Endocarditis is an infection of the innermost muscle layer of the heart. Risk factors for endocarditis include prosthetic heart valves, structural heart disease, and intravenous drug use. The epidemiology and prognosis of right-sided and left-sided endocarditis are quite different. Right-sided endocarditis affects younger patients, intrave- nous Drug users, and is associated with larger vegetations and fewer complications [2]. One analysis of intravenous drug users with right- sided endocarditis demonstrated a mortality rate of 7% [3]. S aureus was the most common organism identified, and patients with vegetations greater than 2 cm had higher mortality rates as compared with those with vegetations less than 2 cm (33% vs 1.3%).

The Duke criteria for Infective endocarditis are well established for diagnosing endocarditis with one of the major criteria being evidence of an intracardiac vegetation, abscess, or new valvular regurgitation on echocardiogram. Therefore, ultrasound plays an essential role in the diagnosis of this disease entity. The 2 methods of obtaining a cardiac ultrasound for the evaluation for endocarditis are transtho- racic echocardiography (TTE) and transesophageal echocardiography . Studies comparing these 2 modalities in the diagnosis of all types of endocarditis demonstrated sensitivities ranging from 87% to 100% for TEE and 30% to 63% for TTE [4]; however, the sensitivities of

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these modalities were equal when applied to intravenous drug-using patients suspected of having only right-sided endocarditis. In these patients, the only benefit demonstrated by TEE was a more precise characterization of the vegetations [5]. The European Association of Echocardiography recommendations for the practice of echocardiog- raphy in infective endocarditis advise that TEE is not mandatory if the TTE demonstrates a clear focus for infection [6]. Transesophageal echocardiography is only indicated if there is suspected pulmonary valve endocarditis, an implanted cardiac device, moderate to High clinical suspicion of right-sided endocarditis with a nonsuggestive TTE, or poor acoustic TTE windows [5].

Although ultrasound is important in the diagnosis of endocar- ditis, there are only a few published case reports of the diagnosis made in the ED by focused cardiac ultrasound. In these cases, endocarditis was diagnosed using the parasternal cardiac views [7,8]. The right side of the heart and the morphology of the tricuspid valve are not well seen on the parasternal views and are best visualized with the subxiphoid or Apical 4-chamber views. In this case, the subxiphoid view adequately visualized the tricuspid valve vegetation.

Another interesting aspect of this case was the unremarkable cardiac examination. A patient who had severe valvular insufficiency on auscultation would be expected to have an appreciable regurgi- tation murmur upon cardiac auscultation. In this case, neither the emergency physicians nor the intensivist noted the presence of murmur. However, there are limitations to performing a thorough cardiac examination in the ED. The constant activity in the ED creates ambient noise that could limit the sensitivity of cardiac auscultation. Furthermore, one study demonstrated that the sensitivity of auscul- tation of tricuspid regurgitation ranged from 12% to 33% when performed by internal medicine residents and cardiology fellows [9]. Chronic obstructive pulmonary disease, obesity, and the training level of the examiner were all associated with false-negative cardiac auscultation examinations.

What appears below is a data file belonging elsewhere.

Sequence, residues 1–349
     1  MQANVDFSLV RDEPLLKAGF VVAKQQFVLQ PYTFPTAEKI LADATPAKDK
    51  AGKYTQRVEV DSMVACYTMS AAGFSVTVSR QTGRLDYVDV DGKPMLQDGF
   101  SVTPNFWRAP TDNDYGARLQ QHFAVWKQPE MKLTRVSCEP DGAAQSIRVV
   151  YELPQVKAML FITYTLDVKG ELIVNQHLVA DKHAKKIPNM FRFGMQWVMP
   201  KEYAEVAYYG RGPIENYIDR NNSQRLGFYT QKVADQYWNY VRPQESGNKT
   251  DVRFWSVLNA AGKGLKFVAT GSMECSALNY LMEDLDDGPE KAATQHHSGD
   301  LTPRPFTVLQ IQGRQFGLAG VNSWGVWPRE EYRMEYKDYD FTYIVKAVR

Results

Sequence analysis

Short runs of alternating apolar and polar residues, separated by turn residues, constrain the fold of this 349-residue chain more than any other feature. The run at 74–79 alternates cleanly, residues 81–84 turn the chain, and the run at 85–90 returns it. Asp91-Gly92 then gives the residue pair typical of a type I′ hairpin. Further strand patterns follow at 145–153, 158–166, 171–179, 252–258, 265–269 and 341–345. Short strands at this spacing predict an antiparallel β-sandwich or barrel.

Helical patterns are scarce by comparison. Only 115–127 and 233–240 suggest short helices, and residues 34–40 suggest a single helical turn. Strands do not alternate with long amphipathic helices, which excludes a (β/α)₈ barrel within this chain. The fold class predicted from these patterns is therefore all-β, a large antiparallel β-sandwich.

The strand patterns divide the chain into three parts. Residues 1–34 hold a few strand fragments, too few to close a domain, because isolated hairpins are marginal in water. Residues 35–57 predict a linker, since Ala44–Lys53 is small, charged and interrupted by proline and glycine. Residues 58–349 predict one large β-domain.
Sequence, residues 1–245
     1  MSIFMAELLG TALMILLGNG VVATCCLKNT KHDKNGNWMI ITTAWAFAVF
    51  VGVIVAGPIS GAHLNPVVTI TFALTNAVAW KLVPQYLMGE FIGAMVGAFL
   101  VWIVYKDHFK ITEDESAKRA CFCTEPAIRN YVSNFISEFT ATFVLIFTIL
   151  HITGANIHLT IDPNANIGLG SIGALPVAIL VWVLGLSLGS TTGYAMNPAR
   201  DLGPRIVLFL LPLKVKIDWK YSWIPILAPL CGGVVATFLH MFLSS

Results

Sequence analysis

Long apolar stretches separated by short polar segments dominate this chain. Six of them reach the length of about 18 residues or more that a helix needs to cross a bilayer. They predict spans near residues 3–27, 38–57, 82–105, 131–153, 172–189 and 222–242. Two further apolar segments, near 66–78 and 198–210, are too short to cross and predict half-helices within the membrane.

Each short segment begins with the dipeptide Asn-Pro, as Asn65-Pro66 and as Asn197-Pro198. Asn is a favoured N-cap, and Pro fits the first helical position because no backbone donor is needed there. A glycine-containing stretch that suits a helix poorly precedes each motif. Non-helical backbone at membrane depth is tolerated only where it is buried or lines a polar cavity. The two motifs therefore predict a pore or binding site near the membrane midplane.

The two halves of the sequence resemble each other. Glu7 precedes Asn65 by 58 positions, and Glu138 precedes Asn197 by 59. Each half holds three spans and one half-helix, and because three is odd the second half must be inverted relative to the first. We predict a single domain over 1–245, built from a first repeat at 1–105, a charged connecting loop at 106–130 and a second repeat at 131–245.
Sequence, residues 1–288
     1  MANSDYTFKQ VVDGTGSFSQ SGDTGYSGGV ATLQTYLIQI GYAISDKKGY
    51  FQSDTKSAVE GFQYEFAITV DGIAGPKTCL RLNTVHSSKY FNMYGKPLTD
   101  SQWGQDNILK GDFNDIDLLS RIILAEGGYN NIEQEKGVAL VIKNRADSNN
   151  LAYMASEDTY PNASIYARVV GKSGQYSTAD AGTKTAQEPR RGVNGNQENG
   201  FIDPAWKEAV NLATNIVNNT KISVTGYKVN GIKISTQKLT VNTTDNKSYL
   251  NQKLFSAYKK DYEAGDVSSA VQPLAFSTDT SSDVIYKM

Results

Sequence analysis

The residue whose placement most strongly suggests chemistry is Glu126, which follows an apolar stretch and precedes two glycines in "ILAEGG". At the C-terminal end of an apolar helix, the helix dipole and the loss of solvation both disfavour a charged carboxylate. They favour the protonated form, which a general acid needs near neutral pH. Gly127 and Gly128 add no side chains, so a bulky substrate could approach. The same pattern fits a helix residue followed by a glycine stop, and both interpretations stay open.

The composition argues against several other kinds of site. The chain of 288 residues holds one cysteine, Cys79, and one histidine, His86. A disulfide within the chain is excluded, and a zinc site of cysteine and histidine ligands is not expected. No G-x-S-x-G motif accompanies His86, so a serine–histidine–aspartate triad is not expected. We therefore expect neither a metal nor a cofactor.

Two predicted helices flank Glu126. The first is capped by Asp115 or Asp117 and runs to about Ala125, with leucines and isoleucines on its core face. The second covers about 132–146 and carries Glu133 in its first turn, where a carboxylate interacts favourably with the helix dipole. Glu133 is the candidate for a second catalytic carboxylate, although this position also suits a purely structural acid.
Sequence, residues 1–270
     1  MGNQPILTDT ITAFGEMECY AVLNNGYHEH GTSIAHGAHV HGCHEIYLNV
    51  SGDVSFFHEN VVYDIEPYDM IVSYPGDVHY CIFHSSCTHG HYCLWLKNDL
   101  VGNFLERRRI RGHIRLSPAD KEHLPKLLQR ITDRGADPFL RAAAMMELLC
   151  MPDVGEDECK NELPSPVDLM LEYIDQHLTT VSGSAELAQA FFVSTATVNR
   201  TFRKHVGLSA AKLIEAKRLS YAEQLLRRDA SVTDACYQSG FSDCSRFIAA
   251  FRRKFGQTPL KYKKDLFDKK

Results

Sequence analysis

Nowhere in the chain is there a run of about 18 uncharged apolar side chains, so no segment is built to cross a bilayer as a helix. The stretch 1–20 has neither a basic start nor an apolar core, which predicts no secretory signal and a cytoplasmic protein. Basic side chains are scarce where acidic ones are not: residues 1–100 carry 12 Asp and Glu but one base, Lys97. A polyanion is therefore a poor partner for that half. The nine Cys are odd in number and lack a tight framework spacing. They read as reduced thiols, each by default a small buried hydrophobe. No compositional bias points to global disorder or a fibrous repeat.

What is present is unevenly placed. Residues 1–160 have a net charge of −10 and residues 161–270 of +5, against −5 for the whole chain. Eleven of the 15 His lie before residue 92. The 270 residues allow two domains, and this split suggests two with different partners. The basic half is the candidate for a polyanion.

This case illustrates the use of focused cardiac ultrasound to facilitate the early diagnosis and management of right sided endocarditis in the ED. Focused cardiac ultrasound enabled the emergency physician to promptly initiate treatment and deter- mine appropriate disposition for a patient who presented with this etiology.

Supplementary materials related to this article can be found online at

Neil J. Pathak MD Department of Emergency Medicine Emergency Ultrasound Division

St Luke’s/Roosevelt Hospital Center New York, NY 10019, USA

E-mail address: [email protected]

Lorraine Ng MD Division of Pediatric Emergency Medicine and Division of Emergency Ultrasound

Columbia University College of Physicians and Surgeons

New York-Presbyterian Morgan Stanley Children’s Hospital New York, NY 10032, USA

Turandot Saul MD, RDMS Resa E. Lewiss MD, RDMS Department of Emergency Medicine Emergency Ultrasound Division

St Luke’s/Roosevelt Hospital Center New York, NY 10019, USA


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  9. Kinney E. Causes of false-negative auscultation of regurgitant lesions: a Doppler echocardiographic study of 294 patients. J Gen Intern Med 1988;3:429-34.